It is important to keep students and all library users connected and engaged – with each other, with teachers, and with the world. Technologies that support this, whether it’s improving WiFi, providing virtual reality apps or simulations for an out-of-the-classroom experience, or more, are a good investment.
It is also essential that schools and libraries have remote access to their WiFi networks, so any technology that provides this is essential at this time. With remote access, IT can analyze, troubleshoot, and optimize networks even if teams cannot be on site. This keeps everything running smoothly and ensures that end users (students, staff, teachers, etc.) have uninterrupted access to anything that depends on WiFi – which is a lot.
Schools and libraries are currently planning their offerings. Compared to previous years, what factors should they take into account before making their offers and how should they best prepare for this season?
Ideally, they all have access to historical network data and can see how the behavior and performance of the network has changed over time. This includes the performance of connected devices and infrastructure. This data helps decision makers predict future needs, which is great when it comes to preparing E-Rate offers. If someone doesn’t have access to this data yet, I recommend taking a month to collect as many data points as possible across the entire network, and then using that information to decide which goods and services are the best. no longer needed.
Is there anything schools and libraries should avoid when submitting offers / submitting applications during the E-Rate process?
E-Rate is a time-based process, so the sooner you can start the better. Our recommendation is not to wait until the last minute to submit the 470/471 form. There is a 28 day waiting period after submitting Form 470. Likewise, there is a deadline for submitting Form 486. On the process side, it is always a good idea to indicate ” equivalent products are acceptable â, to allow an open tendering process and avoid PIA queries.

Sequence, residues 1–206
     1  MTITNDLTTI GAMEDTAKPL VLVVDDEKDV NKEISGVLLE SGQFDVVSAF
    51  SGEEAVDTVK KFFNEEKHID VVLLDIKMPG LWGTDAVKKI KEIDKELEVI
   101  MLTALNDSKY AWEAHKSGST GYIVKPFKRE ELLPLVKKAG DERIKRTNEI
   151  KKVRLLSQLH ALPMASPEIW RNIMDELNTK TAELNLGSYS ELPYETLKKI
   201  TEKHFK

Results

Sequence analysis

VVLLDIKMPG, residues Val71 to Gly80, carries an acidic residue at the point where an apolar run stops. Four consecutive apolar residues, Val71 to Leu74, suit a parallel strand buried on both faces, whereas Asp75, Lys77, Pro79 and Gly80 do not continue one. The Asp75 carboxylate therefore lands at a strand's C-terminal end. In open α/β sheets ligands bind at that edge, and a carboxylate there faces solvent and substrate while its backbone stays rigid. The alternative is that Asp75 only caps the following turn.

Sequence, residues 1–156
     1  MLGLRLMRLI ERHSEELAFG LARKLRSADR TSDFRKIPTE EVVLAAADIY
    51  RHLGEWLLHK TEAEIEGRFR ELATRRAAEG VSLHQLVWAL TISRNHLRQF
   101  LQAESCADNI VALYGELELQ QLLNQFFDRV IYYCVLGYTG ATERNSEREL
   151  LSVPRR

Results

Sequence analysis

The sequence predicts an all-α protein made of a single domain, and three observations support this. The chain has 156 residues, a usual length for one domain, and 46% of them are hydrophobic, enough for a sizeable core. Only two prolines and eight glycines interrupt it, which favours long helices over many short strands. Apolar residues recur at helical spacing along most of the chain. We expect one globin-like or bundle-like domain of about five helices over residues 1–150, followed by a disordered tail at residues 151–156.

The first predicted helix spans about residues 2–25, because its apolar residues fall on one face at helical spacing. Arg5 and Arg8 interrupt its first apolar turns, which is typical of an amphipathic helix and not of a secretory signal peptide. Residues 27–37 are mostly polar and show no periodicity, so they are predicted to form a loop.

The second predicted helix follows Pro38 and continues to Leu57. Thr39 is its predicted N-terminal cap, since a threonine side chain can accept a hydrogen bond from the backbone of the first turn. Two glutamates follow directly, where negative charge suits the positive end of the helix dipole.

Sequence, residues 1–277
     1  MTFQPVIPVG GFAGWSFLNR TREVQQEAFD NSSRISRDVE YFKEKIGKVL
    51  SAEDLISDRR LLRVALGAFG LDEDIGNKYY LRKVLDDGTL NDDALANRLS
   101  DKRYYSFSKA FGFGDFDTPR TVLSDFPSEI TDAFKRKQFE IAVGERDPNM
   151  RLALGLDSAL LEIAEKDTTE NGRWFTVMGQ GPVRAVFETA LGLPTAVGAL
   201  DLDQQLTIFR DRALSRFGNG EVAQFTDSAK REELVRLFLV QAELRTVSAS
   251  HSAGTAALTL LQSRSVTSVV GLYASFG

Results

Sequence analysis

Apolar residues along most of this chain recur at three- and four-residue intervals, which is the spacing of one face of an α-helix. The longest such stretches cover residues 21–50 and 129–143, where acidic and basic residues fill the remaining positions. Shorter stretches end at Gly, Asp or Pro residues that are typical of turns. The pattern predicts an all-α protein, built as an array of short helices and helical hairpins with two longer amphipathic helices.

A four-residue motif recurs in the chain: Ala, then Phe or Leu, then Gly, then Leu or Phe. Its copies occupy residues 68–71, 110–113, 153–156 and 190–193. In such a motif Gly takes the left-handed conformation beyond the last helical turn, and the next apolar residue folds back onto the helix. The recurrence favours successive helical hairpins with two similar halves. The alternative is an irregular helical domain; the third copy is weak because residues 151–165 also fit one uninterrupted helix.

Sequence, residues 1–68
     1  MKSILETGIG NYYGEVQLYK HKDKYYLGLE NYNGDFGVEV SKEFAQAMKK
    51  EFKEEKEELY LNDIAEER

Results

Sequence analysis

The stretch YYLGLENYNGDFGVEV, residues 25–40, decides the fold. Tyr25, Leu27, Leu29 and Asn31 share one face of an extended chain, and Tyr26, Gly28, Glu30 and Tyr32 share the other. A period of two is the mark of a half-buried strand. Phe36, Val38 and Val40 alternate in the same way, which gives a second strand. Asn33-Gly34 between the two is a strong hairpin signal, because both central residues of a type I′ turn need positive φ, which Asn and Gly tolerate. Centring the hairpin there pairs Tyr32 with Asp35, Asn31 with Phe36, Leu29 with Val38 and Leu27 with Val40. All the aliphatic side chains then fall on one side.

It is very important to choose not only the right category to which a selected product or service belongs, but also the right âtype of serviceâ. If any of these items are incorrect, it may result in the denial of the USAC funding request. Because the USAC does not allow changes to a Form 470 that has already been submitted, it is often recommended that you reference an externally linked RFP, even if it is empty. Certain changes may be indicated via an amendment to the RFP.
Why is WiFi automation needed and how do you get WiFi automation technology through E-Rate?
School and library Wi-Fi networks often consist of hundreds of devices, access points to laptops, projectors, printers, thermostats, etc. These devices send thousands of data packets per second, and those packets contain the information IT needs to understand the health and behavior of the network. It is impossible for a human to analyze so much data, identify problems and their root causes, and resolve them in real time, yet this is exactly what is needed for reliable and optimized WiFi. That is why WiFi automation is necessary.
WiFi automation platforms automate the analysis process. Depending on the platform, they can keep tabs on the entire network ecosystem 24/7, automatically alert IT to any issues, and provide actionable resolutions for quick, often troubleshooting. before end users are affected. This saves schools and libraries a lot of time and money. Wyebot’s Wireless Intelligence Platform is an award-winning, vendor-independent WiFi automation platform and is eligible for electronic pricing.
Is there anything else you would like to mention that I haven’t covered?
In the event that it is necessary to change a Form 470, a new Form 470 should be submitted. A commonly used trick is to use a nickname and then change the nickname to “Canceled” later. This will instruct the bidding suppliers to respond to the correct / updated Form 470.
Featured Image: SCREEN POST, Unsplash.